The Peace Bridge signalled Derry’s transformation since the devastation of the Troubles.
Less dramatic, but just as transformative, has been the repair of twenty five old buildings, under the Walled City Partnership’s Townscape Heritage Initiative [THI].
Buildings, like the former Northern Counties Hotel, and clusters in Waterloo Street, whose commercial pulse had slowed almost to the point of death, have been revitalised.
Back in 2002, before UK City of Culture 2013 was a glint in anyone’s eye, Foyle Civic Trust, Derry City Council, and City Centre Initiative formed Walled City Partnership, delivering an overall investment of circa £6.5 million into the walled city’s north-eastern quarter.
This work has grown steadily from tiny roots to become Northern Ireland’s largest, most successful THI. Approximately one quarter of the funding comes from Heritage Lottery Fund, another 25% from Derry City Council, NIHE, NIEA, DSD, and Planning NI, and the final 50% from the property owners themselves.
The £6.5 million investment translates into twenty five plus retail units, many occupied by locally owned independents, 1,500 sq. m. of office accommodation with 95% occupancy rates.
Funding from the Housing Executive’s LOTS scheme (‘Living Over The Shop’) brought empty floors above shops into use as 22 fully occupied apartments.
The Coyle building, on the corner of Castle Street, is on site, bringing the scheme to 26 buildings.
In contrast to Walled City Partnership’s robust, sustainable heritage-led regeneration success story, at least 26 ground floor retail/commercial outlets inside the walled city lie empty, and as many as circa 112 in the inner city.
This ignores large areas of empty space on upper floors. The true picture is much worse. Owners of twenty five THI eligible buildings have not submitted an application for this attractive grant in more than twelve years.
A look at where these buildings are tells a worrying tale. Mostly empty and at risk, the majority occur on Foyle Street, Shipquay Place, and Shipquay Street – all prominent, city centre streets.
Shipquay Street should be Derry’s Grafton Street or Regent Street, but almost all of the south side of the street is closed morning, noon and night. By anyone’s reckoning, these are among this city’s most important historic streets and building groupings. Yet the pattern of chronic vacancy begs the question: why aren’t they buzzing?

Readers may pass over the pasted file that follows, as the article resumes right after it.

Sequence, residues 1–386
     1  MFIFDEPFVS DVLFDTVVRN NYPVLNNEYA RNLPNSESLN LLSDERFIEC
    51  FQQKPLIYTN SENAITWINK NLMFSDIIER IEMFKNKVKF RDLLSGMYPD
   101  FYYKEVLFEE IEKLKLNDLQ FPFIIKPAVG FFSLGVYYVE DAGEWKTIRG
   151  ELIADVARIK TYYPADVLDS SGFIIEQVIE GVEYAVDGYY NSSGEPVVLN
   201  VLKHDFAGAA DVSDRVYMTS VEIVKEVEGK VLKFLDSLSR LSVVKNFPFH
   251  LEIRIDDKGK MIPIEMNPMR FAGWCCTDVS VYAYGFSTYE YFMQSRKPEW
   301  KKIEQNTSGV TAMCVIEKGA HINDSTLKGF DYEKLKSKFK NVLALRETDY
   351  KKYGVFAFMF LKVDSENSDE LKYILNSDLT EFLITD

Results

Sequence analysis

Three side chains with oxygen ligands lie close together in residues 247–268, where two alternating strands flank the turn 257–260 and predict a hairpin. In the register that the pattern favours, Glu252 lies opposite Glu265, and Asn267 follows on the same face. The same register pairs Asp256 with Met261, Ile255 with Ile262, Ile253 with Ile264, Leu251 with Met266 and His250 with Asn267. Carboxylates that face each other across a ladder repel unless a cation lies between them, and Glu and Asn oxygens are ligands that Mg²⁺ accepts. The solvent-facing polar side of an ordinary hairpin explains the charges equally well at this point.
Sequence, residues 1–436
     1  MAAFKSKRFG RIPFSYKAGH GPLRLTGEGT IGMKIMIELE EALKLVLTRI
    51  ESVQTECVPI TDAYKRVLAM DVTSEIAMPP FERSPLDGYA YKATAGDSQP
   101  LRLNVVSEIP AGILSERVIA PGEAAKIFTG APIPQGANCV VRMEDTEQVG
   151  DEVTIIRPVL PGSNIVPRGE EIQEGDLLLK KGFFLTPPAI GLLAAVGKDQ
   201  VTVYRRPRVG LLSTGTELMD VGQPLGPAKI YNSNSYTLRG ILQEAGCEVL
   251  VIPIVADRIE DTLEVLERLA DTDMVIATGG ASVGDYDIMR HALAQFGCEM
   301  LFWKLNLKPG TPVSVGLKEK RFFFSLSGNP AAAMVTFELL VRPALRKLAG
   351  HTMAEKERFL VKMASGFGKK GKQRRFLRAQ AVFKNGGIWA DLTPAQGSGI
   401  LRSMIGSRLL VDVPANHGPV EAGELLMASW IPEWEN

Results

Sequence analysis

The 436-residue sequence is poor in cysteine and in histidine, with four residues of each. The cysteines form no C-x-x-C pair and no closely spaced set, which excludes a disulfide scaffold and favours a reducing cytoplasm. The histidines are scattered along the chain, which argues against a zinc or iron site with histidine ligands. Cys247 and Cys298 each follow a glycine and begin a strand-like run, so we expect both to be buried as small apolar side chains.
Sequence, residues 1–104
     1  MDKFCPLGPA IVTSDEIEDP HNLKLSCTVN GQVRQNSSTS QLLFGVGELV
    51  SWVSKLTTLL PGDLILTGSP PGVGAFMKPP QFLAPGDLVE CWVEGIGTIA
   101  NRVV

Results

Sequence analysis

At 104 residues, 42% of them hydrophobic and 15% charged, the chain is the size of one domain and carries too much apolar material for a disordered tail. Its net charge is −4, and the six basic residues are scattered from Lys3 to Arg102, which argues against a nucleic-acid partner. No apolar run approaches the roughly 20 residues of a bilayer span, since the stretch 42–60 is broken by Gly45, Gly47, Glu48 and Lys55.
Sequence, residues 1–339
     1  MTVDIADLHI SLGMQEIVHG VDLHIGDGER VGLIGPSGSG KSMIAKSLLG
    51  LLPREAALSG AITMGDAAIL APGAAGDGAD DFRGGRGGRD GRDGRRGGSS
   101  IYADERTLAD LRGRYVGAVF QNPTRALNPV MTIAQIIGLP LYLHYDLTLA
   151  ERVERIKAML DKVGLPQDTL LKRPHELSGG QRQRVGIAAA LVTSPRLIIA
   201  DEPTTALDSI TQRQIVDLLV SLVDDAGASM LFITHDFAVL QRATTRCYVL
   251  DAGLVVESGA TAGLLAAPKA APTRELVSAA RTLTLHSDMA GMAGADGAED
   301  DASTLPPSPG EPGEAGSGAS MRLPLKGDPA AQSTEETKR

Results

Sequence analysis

When Richmond and Foyleside Shopping Centres opened, shoppers moved away from Waterloo Street, Strand Road and Shipquay Street. Out of town retail parks drew shoppers away in even larger numbers. Seeing the trend, city centre banks upped sticks and moved to join them. This, and the fact that several Shipquay Street buildings were caught up in the economic crash, leaves one side of the street as dead as a dodo.
Yet only a stone’s throw away a million people crossed the Peace Bridge in its first fifteen months. There’s not much sign of them in Shipquay Street. Why’s that? Next time you come off the bridge on the cityside notice which direction you head and where that takes you. Chances are you’ll turn sharp right along the river, or maybe sharp left. If you want to cross the Foyle Embankment dual carriageway you’ll still walk to the right towards the pedestrian crossing.
Once across you’ll either head to the Guildhall, Guildhall Street, and maybe into Guildhall Square. If you head up Shipquay Street, you’ll probably be on the right hand side going up.
The left hand side is mostly deserted. When a street is empty of people, it takes courage to invest money in repairing run down old buildings, however special.
Ideas for a pedestrian bridge linking the walled city with St Columb’s Park and Ebrington were first mooted back in the early-mid 1990s. The aim was to create a physically unified heart for the city. The Peace Bridge has gone a long way towards this, but we’re not there yet. Over four years ago Derry’s movement patterns were analysed by internationally renowned ‘Space Syntax’. Its findings revealed the single most important action needed to reverse the almost terminal economic decline in the Walled City was achieving a direct pedestrian route from the Peace Bridge into Shipquay Street.
Chronic economic malaise in this and other inner city streets, and persistent nervousness by property owners to apply for very attractive THI funding packages, is proof (if proof were needed) that the greatest obstacle to the full uptake of the remaining THI grant is property owners’ lack of confidence that their investments will turn into viable commercial businesses.
Removing the barrier to direct pedestrian flow from the Peace Bridge into the Walled City caused by the Foyle Embankment’s kit of parts and fast moving cars, is a matter of urgency if we are to reverse the continued economic decline of the Walled City, support completion of Walled City Partnership’s THI Phase II, and ensure the £6.5 million public/private sector THI investment already made pays dividends.